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The Dripby Brew Editors4:56 pmOct 23, 20190

WYPR re-examines one of Chow’s legacies – huge water tanks in city parks

Baltimore Brew’s Mark Reutter discusses with Tom Pelton our coverage of DPW’s disruption of two famous parks

Above: Mark Reutter has covered in depth the tank burial projects at Druid Hill Park (shown here) and Hanlon Park. (Tom Pelton)

Hanlon Park scoured by bulldozers as nearly 200 trees are ripped out. Druid Lake partially drained and temporarily dammed. Heavy equipment rumbling through two historic parks, all for the same end:

The burial of four massive underground water tanks.

Today WYPR 88.1FM took a look at one of the most controversial projects undertaken by Public Works Director Rudy Chow, who was pushed out of his position last week and will retire next February.

“This was [once] the most wooded area of the Ashburton Northwest Baltimore community,” said The Brew’s Mark Reutter, speaking with WYPR’s Tom Pelton, as construction crews worked away behind them.

Holes the size of city blocks are now being excavated for tanks at Druid Hill Park and Hanlon Park to replace open drinking-water reservoirs and comply with EPA regulations.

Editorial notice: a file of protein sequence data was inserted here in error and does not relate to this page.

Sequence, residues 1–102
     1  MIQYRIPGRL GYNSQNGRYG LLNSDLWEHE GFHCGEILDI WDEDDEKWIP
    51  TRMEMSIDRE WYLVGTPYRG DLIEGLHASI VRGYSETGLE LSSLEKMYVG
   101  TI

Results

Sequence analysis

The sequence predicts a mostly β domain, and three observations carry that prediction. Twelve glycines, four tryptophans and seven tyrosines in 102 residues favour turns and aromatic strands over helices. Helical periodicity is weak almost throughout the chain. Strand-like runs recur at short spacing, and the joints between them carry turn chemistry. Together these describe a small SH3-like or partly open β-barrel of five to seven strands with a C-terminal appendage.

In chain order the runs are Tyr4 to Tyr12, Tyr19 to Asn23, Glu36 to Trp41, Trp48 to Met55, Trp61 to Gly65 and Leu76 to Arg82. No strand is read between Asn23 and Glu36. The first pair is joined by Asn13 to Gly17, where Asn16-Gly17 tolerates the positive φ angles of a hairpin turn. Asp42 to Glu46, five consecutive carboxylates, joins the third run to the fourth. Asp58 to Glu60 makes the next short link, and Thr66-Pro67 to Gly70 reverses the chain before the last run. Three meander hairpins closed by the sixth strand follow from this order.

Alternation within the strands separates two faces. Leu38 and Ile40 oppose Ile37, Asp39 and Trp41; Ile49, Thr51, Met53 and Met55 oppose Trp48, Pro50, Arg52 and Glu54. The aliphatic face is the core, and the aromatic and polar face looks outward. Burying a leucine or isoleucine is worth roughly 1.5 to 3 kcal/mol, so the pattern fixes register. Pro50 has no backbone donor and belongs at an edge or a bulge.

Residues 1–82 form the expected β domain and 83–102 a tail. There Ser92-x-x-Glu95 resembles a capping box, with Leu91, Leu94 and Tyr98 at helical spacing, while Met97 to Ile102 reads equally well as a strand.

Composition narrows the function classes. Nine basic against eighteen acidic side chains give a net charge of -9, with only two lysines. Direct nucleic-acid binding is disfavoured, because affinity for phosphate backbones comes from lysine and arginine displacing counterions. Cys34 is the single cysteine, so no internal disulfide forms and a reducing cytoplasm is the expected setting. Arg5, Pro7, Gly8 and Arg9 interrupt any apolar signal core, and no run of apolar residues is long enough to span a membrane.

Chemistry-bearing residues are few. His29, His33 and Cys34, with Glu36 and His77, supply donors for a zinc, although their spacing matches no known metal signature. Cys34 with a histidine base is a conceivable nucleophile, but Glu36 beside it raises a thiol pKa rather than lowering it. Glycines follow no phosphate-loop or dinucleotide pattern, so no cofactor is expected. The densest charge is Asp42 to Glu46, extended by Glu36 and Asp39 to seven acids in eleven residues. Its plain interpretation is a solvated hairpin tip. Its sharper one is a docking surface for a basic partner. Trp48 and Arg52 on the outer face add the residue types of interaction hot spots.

But building the underground tanks weren’t the only solution available to protect drinking water reservoirs from possible contamination by bird waste or other sources.

Relying on Reutter’s extensive reporting, Pelton notes that the tanks are almost $200 million more expensive than another treatment process.

Both EPA and the Maryland Department of the Environment gave Baltimore permission in 2009 to use the cheaper and less disruptive ultraviolet (UV) disinfection alternative.

The Druid Lake construction mess: It didn’t have to be this way
Ashburton residents revolt over tree clearing for water tank project
DPW creates $100,000 position for outspoken critic

But after taking over as chief of the water bureau in 2010, Chow scrapped the approved plan and instead ordered the instillation of water tanks, Reutter explains.

Listen to the piece to hear how a DPW spokesman makes the case for the project (“These tanks will be the ultimate solution”), while a resident comes to a different conclusion (“No, it wasn’t necessary”):

Baltimore paid almost $200 million too much for massive drinking water project (Tom Pelton, The Environment in Focus, aired 10/23/19)

One of the two storage tanks now under construction in the footprint of Druid Lake. The eastern end of the reservoir (BELOW) will be converted to a recreational lake fed by stormwater runoff from Druid Hill Park. (Mark Reutter)

One of the two storage tanks under construction in the footprint of Druid Lake. The east end of the reservoir (BELOW) is to be converted to a recreational lake. (Mark Reutter)

druid lake

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